When Beam Suntory’s Legent hit the scene it immediately became one of my favorite new whiskeys, and I was over the moon excited to hear about the brand’s first extension to the line, a limited-edition whiskey called Legent Yamazaki Cask Finish Blend.
While purists groused over whether the original Legent was officially a bourbon due to its aggressive finishing, it’s safe to say that the new Legent Yamazaki probably has good reason, legally speaking, for not putting “bourbon” on the label. Though the underlying spirit is the same — bourbon made by Jim Beam — things get pretty wild from there.
The first eight years of the whiskey’s life take place in Kentucky, including selections aged not just in new American oak but also in French oak wine casks and Spanish oak sherry casks. From there, the whiskey is shipped to Japan for additional aging and finishing in Kyoto, where a portion is finished in Spanish sherry oak previously used to age Yamazaki Single Malt. The fully matured barrels are finally blended here by Shinji Fukuyo before bottling.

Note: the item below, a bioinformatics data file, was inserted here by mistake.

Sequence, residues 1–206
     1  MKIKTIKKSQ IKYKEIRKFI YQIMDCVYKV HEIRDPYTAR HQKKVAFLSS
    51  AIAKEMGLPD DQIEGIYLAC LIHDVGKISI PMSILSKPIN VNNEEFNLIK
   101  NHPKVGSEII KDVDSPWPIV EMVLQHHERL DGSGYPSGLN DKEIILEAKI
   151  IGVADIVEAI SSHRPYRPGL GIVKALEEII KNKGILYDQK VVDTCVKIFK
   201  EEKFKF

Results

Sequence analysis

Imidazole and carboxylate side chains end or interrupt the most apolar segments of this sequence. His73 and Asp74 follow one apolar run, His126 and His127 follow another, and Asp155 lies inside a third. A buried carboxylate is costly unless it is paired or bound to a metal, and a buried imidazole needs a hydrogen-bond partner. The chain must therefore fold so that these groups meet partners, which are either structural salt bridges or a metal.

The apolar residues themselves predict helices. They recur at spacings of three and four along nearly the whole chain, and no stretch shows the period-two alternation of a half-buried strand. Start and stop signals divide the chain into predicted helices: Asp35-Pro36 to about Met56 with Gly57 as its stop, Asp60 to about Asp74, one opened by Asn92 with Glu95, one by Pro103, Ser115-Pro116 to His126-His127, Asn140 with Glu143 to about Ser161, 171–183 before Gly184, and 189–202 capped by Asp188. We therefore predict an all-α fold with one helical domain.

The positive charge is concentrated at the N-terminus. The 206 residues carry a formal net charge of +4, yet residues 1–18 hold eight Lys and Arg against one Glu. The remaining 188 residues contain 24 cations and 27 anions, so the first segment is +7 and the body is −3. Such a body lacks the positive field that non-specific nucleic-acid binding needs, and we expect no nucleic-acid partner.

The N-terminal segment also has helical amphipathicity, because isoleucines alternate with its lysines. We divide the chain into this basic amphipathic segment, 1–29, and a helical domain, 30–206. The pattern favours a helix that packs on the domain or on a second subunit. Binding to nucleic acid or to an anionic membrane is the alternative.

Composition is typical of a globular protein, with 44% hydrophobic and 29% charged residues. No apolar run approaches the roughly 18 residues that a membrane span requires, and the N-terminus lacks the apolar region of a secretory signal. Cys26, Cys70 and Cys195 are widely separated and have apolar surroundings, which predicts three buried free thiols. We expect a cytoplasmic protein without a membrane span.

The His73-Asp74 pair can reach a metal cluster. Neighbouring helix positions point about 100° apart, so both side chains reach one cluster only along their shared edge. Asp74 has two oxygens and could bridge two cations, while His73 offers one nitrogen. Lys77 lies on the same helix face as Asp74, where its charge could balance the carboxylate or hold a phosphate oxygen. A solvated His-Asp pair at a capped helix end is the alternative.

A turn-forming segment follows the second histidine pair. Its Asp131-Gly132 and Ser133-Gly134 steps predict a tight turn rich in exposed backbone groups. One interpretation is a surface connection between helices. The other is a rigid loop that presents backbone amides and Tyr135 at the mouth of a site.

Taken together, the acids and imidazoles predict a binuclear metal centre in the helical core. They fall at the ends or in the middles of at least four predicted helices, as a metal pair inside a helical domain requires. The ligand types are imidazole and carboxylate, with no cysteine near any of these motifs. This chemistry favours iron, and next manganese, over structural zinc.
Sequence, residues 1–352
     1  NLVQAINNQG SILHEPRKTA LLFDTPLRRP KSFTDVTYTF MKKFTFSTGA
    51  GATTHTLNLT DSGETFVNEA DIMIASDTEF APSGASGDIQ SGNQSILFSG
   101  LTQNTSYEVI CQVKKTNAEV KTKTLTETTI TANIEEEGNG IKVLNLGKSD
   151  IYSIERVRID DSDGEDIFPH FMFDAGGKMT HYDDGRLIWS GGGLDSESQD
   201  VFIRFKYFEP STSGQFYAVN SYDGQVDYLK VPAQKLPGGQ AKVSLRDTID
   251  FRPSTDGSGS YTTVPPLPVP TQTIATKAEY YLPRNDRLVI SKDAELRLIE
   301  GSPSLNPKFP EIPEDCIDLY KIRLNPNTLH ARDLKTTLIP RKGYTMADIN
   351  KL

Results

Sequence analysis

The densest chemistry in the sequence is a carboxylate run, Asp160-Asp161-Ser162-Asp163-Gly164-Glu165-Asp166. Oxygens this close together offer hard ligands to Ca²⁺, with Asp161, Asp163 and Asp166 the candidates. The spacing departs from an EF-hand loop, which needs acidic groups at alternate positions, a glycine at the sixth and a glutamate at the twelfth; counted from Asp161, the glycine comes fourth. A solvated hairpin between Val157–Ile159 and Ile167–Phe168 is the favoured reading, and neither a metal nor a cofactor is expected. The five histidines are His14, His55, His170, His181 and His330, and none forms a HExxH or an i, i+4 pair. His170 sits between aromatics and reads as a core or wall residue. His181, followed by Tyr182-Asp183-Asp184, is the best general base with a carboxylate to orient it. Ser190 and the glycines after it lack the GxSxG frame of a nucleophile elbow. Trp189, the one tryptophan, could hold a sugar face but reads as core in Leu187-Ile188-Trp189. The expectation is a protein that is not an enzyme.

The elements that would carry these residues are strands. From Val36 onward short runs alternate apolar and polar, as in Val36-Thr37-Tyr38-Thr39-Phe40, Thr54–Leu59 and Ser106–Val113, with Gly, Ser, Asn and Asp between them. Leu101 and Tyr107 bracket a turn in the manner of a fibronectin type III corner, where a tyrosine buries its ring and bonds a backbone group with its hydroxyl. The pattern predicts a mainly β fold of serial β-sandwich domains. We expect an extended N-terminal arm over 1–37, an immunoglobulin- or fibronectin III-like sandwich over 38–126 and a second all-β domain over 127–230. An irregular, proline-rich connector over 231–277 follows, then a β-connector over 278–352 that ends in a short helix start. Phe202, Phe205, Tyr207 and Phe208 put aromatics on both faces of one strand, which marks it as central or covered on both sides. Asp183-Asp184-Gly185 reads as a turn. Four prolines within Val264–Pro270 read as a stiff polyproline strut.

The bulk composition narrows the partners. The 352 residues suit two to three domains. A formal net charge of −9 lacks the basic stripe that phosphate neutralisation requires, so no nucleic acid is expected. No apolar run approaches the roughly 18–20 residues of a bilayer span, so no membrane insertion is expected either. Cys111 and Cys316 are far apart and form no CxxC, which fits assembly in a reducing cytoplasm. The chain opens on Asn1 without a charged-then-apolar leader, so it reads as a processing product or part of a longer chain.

There’s a lot of family DNA in this expression, though right away the much higher proof is evident on the nose. Lots of nutty, citrusy sherry is immediately noticeable, with ample notes of red fruit and mulling spices on top of it. There’s a certain savory undertone that’s a bit beefy, with some black pepper in the mix, followed by sesame. There’s less pure fruit here than in the original Legent, with more of a Scotch-like sherry note behind the wheel. A touch smoky, though more incense than fireplace smoke.
The palate holds the line. again nutty with notes of orange and grapefruit peel, then something of a curry powder character coming into focus, building on the evocation of incense to guide the experience toward eastern flavors. Sandalwood, dried flowers, and Turkish rug shop provide a level of austerity. Peppery on the finish, with lingering hints of mint and more sesame oil.
Like the original Legent — which I tasted side by side with this expression — this is quite a wild ride, though it doesn’t take that boldly nutty turn on the back end, which isn’t good or bad, just different. Of course, one doesn’t want to get a retread of the standard Legent from a $200 special edition, and what this offering provides is certainly unique enough to continue to merit serious attention.
A- / $200 / legentbourbon.com